Getting paid gigs at weddings and functions by Last Minute Musicians
The music industry has undergone a massive amount of change over the last twenty years, in an almost unprecedented way. In this guest blog, Jon Fellowes of Last Minute Musicians discusses some ways to help fund your creative projects by performing live.
Some of the recent developments in music have been very progressive; it has never been easier to record and share your music, and this can help you build a following and reach new fans. However, the abundance of new music being distributed every day, combined with the ever-changing platforms through which the public chooses to consume it, means that it is becoming harder and harder to monetise your music effectively.
With diminished revenue being brought in by royalties and streaming, more and more independent artists are looking for other ways to fund their creative projects. Traditionally, live performance has always been another route for musicians to make money and this has seen many acts hitting the road, hard… some of which may have been “retired” for some time!
But what about smaller acts, who can’t immediately guarantee large audiences, paying top dollar for tickets to shows for their originals band? Fortunately, there is still another way to make money playing live - thousands of clients are booking musicians for weddings, corporate events and other functions every single day.
These gigs are not only well paid but can end up being very regular. Just a couple of shows over the weekend can leave you with a good wage and plenty of time during the week to devote to writing, producing and marketing your original music.
So how do you go about getting booked for these shows? Below are some basic steps to take to set yourself up as a function act. If you want more detailed information, check out the Last Minute Musicians Blog or How To Get Gigs.
Step 1: what you’ll need
Whether you are looking to perform solo or as a duo/band, there are a few requirements you’ll need to get things off the ground, and establish yourself as a function act:
2 x 45-minute cover sets
One of the major differences between gigs with an originals band and functions is the set lengths. When you’re playing your own material, a support slot can be as little as 30 minutes - the absolute minimum most function clients will want from you is 2 sets of at least 45 minutes in length. You will also need to take into account the variety of material you might need, as well as encores.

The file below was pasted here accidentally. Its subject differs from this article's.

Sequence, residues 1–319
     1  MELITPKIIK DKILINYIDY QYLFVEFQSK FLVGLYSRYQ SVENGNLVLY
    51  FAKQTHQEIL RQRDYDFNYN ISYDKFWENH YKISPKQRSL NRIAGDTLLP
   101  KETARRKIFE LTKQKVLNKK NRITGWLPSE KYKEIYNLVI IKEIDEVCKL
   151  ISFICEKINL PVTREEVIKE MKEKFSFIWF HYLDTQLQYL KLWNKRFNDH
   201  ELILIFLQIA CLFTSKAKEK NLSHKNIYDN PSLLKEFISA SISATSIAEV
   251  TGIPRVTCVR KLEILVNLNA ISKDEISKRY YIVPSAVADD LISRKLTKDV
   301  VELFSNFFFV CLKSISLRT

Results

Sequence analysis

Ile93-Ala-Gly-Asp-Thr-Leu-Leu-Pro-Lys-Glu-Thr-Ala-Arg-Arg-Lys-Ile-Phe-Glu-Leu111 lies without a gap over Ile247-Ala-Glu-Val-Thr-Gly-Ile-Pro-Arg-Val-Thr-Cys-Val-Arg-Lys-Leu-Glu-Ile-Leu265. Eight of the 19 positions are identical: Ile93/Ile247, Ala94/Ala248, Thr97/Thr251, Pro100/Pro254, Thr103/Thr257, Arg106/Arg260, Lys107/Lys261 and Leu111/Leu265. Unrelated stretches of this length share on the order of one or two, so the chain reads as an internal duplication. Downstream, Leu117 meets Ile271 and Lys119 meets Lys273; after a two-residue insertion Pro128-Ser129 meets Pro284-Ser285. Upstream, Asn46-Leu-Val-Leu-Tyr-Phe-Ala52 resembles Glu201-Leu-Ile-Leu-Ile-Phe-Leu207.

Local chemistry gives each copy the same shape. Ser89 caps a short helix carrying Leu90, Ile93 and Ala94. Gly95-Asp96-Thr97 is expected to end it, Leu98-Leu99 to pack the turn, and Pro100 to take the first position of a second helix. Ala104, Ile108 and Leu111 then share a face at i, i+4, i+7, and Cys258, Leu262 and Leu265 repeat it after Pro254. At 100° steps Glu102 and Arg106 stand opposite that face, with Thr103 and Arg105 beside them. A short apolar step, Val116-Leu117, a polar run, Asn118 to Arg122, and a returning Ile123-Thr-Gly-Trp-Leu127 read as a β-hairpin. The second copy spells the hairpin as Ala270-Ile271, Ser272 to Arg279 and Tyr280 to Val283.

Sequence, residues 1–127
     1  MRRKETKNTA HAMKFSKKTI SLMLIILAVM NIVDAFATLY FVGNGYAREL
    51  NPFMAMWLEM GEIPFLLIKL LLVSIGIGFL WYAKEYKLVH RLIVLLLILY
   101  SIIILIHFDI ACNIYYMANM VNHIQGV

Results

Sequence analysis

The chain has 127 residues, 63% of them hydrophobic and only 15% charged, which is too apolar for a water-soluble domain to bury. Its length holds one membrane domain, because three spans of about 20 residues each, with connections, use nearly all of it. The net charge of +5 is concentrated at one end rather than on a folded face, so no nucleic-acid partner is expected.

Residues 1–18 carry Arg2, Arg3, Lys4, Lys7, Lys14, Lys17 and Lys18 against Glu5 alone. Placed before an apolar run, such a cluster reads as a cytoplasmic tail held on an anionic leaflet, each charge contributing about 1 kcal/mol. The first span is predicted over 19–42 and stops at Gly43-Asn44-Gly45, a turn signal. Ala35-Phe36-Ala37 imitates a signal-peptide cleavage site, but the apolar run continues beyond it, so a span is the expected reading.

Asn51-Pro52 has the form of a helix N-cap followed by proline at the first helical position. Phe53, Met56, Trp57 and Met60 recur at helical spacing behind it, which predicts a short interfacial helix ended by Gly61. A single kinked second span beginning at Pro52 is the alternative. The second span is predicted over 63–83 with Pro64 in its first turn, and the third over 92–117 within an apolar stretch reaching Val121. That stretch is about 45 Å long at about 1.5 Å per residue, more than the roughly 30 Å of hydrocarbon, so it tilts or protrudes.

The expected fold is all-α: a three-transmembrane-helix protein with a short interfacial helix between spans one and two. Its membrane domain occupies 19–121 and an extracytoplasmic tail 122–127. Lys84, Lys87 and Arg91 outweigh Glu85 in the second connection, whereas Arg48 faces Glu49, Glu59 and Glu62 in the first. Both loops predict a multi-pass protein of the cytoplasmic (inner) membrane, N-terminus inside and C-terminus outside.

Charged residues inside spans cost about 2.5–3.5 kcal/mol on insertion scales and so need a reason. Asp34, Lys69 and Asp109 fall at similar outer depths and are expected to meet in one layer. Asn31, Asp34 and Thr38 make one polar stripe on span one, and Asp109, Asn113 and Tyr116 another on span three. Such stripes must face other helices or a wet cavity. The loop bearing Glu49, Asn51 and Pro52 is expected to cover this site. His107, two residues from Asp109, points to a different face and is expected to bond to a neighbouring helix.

Being able to promote yourself effectively also requires some basics. Obvious things like high-quality recordings and photography are a good start, but a well-written biography and showreel/promo video are also worthy of consideration. Some physical materials like business cards and banners will be a necessity for effective networking.
Top tip: For more advice on room vids, read our blog Why promotional videos are important for musicians.
It’s always a good idea to establish yourself on social media and make sure you secure all of the relevant handles for your act fairly quickly. A good website (utilizing all your promotional material) will act as a central point to direct clients to. It’s important to keep both of these things updated regularly.
Top tip: For help on social media, check out Reload’s blog on Social Media Marketing for Musicians.
Step 2: Promote yourself
Once you have everything in place, it’s time to get out there and get some gigs booked! Local pubs and clubs are a great place to start – they won’t be as well paid, but they are a great opportunity to get yourself in front of an audience relatively quickly and try out your new covers. If they are well attended, you can also utilise open mic or jam nights in a similar way, meeting other musicians and potential clients.
If you have more of a budget in place, consider doing some local wedding shows – although they will cost you to exhibit, they are an excellent opportunity to get yourself in front of an audience of potential clients that are actively looking to book live music.
Top tip: Check out this Last Minute Musicians blog – Wedding fairs: What musicians need to know.
Lastly, make sure you get “out and about” online. Joining Facebook groups like Dep Musicians in the UK and UK Musicians for gigs is a great way to see regular work opportunities being posted and being active and engaged on social media will help get the word out about your function act.
Step 3: Join an entertainment directory or agency
Once you have the experience of your first gigs in the bag, it’s time to think about expanding. Getting on the books of an entertainment agent is a brilliant way to get more shows. An entertainment agent fills the role of connecting prospective clients with their preference in the act.
While this can be a brilliant way to attract lots of new enquiries, they will charge commission for the service and usually have a whole roster of acts for you to compete with for the booking.
An entertainment agency, such as Last Minute Musicians, operates in a similar way, but without the commission. The band pays a small contribution to be a member of the directory, but keeps 100% of whatever they make from the shows they book and negotiate directly with clients.
From everyone at Last Minute Musicians, we wish you the best of luck with your music career!
LastMinuteMusicians.com is the UK's leading live entertainment portal. More than just a directory - it's the most convenient way to connect potential clients and there preference in entertainment. Visitors can browse profiles, read reviews, listen to audio, watch videos and choose from a rapidly growing selection of the best musicians, bands, entertainers and related companies. For musicians, the service represents a very cost-effective way to pick up more gigs, without paying any hefty commission - register for a listing today!